4. Is it ethical?
Sadly we have heard of many instances of volunteering organisations in this part of the world who arrive in the country without even registering with the local authorities. This lack of registration would not be tolerated in the UK where visiting dentists have to gain approval from the GDC to practise. So why is the situation not the same when we come to a country like Rwanda or Tanzania? There are laws here as in every other country that require dental professionals to prove they are qualified to practise and to register with the appropriate body. In addition, many volunteers do not contact their indemnity companies to extend their indemnity cover. Again this shows a great lack of respect for the communities the volunteer is supposedly coming to help, as any accident or malpractice would then not be covered for compensation. Does the organisation ask for your registration certificates and obtain a letter of good standing from the GDC before allowing you to practise? Do they insist on proof of extending indemnity cover?
5. Does it involve training?
This for me is the absolute key. Does the opportunity to volunteer provide any training for the local health workforce? Without training nothing will change. At Bridge2Aid we could bring volunteers into Tanzania every week of the year to treat as many people as possible, but this still would not solve the problem of the huge burden of disease that exists in the country. Volunteers simply cannot gain access to some of the areas in the country where people most need help, and yet the training of a local Health Worker in emergency dentistry could place just such a person within the vicinity where people are suffering daily agony – all for the lack of a simple dental extraction.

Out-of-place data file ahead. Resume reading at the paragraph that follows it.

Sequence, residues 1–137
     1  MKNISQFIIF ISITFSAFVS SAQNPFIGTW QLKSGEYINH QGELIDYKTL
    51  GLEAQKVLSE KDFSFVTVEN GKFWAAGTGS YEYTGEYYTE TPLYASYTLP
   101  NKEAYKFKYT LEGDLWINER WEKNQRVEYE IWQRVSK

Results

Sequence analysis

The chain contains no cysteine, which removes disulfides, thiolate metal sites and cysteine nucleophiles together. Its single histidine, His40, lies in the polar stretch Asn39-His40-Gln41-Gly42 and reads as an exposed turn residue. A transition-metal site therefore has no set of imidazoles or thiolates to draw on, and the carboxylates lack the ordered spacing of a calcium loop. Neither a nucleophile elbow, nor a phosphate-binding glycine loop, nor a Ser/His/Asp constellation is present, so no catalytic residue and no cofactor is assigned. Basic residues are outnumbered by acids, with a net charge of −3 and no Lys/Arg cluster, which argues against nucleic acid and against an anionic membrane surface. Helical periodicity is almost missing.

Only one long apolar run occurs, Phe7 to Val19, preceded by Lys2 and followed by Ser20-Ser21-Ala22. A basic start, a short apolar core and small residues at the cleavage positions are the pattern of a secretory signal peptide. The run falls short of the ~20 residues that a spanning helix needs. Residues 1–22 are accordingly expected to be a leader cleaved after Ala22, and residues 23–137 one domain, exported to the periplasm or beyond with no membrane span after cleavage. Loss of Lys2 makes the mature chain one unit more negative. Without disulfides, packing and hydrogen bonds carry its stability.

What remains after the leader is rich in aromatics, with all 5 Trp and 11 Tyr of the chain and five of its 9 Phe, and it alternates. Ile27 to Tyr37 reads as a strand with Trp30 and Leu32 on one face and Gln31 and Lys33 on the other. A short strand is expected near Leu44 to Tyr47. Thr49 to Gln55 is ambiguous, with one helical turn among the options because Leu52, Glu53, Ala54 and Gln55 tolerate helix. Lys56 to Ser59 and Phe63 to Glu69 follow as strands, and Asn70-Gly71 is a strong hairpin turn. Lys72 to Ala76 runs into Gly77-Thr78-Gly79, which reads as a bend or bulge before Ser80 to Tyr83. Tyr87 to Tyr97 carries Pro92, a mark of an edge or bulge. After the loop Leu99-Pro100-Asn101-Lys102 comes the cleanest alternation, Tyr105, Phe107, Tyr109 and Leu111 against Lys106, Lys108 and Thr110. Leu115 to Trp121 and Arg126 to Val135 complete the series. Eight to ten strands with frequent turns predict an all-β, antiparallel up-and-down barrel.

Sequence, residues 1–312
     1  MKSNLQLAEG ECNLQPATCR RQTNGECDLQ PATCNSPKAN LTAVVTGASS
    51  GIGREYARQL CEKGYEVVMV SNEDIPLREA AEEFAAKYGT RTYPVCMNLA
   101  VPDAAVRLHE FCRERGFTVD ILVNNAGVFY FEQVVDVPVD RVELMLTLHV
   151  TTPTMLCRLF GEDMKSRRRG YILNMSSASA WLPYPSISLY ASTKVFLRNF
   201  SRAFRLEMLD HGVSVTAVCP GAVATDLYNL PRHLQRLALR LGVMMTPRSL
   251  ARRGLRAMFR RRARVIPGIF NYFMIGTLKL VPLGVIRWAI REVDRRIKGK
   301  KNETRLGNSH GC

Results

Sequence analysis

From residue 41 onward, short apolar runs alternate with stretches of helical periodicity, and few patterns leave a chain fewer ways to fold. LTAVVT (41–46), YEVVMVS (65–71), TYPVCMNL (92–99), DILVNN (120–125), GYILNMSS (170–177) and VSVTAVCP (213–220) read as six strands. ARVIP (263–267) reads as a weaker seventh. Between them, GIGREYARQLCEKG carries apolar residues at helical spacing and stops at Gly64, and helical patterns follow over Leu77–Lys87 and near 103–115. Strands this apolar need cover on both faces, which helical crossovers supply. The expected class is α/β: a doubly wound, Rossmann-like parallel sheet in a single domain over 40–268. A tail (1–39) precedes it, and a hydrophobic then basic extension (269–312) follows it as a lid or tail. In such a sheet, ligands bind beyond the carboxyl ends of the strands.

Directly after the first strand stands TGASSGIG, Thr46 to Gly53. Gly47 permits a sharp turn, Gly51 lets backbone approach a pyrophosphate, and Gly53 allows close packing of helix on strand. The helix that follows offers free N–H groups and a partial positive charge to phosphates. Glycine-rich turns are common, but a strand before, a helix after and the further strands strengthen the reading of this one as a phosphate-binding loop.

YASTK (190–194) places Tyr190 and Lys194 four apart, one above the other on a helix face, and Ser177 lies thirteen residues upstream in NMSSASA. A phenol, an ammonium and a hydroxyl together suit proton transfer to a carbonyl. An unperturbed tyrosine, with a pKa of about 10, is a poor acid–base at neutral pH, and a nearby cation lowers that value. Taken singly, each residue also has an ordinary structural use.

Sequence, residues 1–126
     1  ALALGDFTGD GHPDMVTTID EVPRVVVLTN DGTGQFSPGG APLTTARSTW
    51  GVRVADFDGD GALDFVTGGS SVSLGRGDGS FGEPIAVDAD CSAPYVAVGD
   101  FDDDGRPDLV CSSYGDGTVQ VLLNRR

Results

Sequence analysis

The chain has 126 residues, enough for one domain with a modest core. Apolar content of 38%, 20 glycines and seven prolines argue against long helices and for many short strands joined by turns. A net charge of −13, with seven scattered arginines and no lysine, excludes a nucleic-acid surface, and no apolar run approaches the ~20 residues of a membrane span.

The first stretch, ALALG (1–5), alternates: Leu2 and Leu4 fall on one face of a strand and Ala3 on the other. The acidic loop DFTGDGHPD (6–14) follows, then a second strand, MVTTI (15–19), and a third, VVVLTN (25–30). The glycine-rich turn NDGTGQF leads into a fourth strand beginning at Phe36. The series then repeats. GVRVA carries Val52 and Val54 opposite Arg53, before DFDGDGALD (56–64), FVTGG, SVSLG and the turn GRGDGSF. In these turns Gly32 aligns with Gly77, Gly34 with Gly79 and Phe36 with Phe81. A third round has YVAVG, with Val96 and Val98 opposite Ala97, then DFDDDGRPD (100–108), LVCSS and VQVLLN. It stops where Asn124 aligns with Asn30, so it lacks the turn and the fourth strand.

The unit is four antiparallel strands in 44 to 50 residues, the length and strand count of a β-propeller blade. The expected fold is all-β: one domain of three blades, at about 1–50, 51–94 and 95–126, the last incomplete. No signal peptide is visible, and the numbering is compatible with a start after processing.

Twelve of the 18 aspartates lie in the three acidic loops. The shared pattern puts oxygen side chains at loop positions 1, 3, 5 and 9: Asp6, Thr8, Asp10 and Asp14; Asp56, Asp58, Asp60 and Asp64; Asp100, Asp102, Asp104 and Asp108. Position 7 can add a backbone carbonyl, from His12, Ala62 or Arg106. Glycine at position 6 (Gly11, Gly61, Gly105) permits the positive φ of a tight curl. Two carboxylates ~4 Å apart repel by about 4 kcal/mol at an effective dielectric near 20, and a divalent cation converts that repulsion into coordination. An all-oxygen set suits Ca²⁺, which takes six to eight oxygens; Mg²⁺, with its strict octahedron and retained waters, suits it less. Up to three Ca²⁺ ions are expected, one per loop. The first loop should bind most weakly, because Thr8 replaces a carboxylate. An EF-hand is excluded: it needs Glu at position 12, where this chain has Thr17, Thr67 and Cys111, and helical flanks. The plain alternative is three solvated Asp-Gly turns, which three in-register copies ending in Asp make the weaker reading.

Of course volunteering that does not meet the criteria above (which of course are just my opinions) will carry on and I applaud anybody who chooses to give their time, effort and resources to help others in developing countries. But by adopting these 5 simple principles, the impact of volunteering efforts could be magnified many times over, and many more communities could gain access to sustainable pain relief and education that would change their lives in the long run.
We need to change the way we think about volunteering, and even about what constitutes dentistry for the masses in places like Tanzania. We need to say ‘I care’, but be prepared to engage with the issues in an intelligent way that really listens to what the needs are and focuses efforts on the vast majority of people who don’t have access to the few dental professionals that do exist. As Bridge2Aid approaches 300 trainees and 3 million people with access to emergency dentistry in Tanzania, I’m more convinced than ever that this approach works, and meets the need in the most sustainable, appropriate, integrated and ethical way.
Our focus in the Bridge2Aid family is on providing permanent access to simple, effective emergency dentistry and education to the vast majority of the population who don’t have access to a dentist, and never will. It’s not an alternative to dentistry; it’s an alternative to no dentistry.
To take part on one of our 2014 Dental Volunteer Programmes – click here
If you are going to the BDTA showcase, make sure you register and select Bridge2Aid as your preferred charity, and I look forward to seeing you there. We will be on stand P02.